Someone needs to buy her & quick J

14-11-2017 Update: Someone did buy her – a gent named Mark Dixon

 

Margaret Anne


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MARGARET ANNE – For Sale

WW has followed the progress of the 1953, Billy Rogers built classic launch Margaret Anne for several years & as we all know; some boats get lucky & land the perfect owner – Margaret Anne is one of those. When Helena Willes bought her back in 2014 she committed to undertaking a bow to stern restoration that included taking a chainsaw to the fly bridgeJ Over the following few years Helena transformed Margaret Anne into the magnificent classic you view above. Given all the time & dollars in the restoration, I was surprised to get a call from Helena advising she was selling Margaret Anne to up roots & head off blue water cruising (yacht).

So woodys another classic is available for sale – in turn-key condition i.e. step aboard & go cruising this summer. I have summarized below all the work done to her. A snap shot – 11m long, 1.2m draft, powered by a Ford Lees 80hp diesel, steading sail, sleeps 5, cruises 8>9 knots.

Helena has asked that interested parties contact the broker she has appointed to handle the sale – Steve Rhea at Vinings 09 376 6737

New since 2014: All new fresh water system including deck wash foot switch fitted and new hose. All wire stays and through bolts are new. New sheets, blocks and lines. Deck light fitted. Stanchions repaired and painted. Bow rails repaired, epoxy sealed and 10 coats of varnish. Hull painted. Entire electrical system is new with state of the art control panels and connections. 2 new deep cycle house batteries (2016), 2 x 150w solar panels, regulator and controller fitted. 800w inverter. Fly-bridge removed, old canvas stripped and brought back to bare wood. Entire roof fibre-glassed and 2 pot epoxy sealed, painted white and then added KiwiGrip for nonskid. New mahogany hand rails fitted, epoxy sealed and varnished 10 coats. Cabin sides stripped and varnished, window beadings removed (rotten) and replaced with Sikaflex.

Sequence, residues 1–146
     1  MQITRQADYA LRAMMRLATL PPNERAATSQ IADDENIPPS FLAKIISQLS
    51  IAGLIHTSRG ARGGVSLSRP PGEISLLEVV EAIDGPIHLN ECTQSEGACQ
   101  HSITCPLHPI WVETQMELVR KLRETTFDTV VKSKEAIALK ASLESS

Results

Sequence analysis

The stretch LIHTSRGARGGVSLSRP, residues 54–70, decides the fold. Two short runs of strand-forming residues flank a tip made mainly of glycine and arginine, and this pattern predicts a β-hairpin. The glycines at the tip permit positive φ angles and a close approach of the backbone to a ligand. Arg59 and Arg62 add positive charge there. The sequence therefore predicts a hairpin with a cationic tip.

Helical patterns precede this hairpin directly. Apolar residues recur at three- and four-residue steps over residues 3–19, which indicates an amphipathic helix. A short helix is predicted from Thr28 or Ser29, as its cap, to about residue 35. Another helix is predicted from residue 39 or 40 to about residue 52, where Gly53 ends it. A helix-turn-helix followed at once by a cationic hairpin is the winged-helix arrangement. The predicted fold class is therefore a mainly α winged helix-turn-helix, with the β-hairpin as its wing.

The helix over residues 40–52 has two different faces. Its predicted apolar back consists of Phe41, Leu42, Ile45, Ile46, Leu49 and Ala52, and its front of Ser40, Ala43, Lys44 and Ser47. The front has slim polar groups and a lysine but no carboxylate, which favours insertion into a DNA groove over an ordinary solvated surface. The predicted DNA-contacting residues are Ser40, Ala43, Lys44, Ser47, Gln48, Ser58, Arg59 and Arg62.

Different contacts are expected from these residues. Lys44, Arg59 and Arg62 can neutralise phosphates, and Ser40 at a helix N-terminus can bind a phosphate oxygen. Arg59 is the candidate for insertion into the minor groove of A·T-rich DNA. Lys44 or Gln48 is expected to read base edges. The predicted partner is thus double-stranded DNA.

Full interior re-paint. All floorboards sanded, filled and oiled. New custom made inner sprung mattress, forward hatch refurbished and epoxy sealed, new hatch light, new toilet & 20L holding tank (all seacocks replaced), new shower head/hose, new taps. New fridge installed. New squabs and covers in saloon and galley. Full exterior canvas cover system, blackout curtains in saloon. Bilges cleaned, red leaded. Rudder post serviced, re-packed. New hydraulic steering ram installed (a spare steering pump and wheel are part of the sale). New steering station panel and instruments: tachometer, depth/fish finder, monitor (solar etc.) Gas locker fitted with two 10kg bottles, solenoid/gas detector and isolation valves. Engine regularly serviced by Moon Engines, new heat exchanger, gear box serviced, new hoses, new lift pump, new exhaust to manifold fitting, new exhaust pipe. Oregon boom fitted for shade and dinghy lifting mechanism. Flagpole renewed. Two new stainless rod holders. New vinyl in galley. All seacocks replaced with plastic. 90L plastic fuel tank system with isolation valves fitted. New fuel line to primary filters. New 50m anchor warp spliced onto chain. The boat has been hauled and antifouled yearly with kiwi prop applied.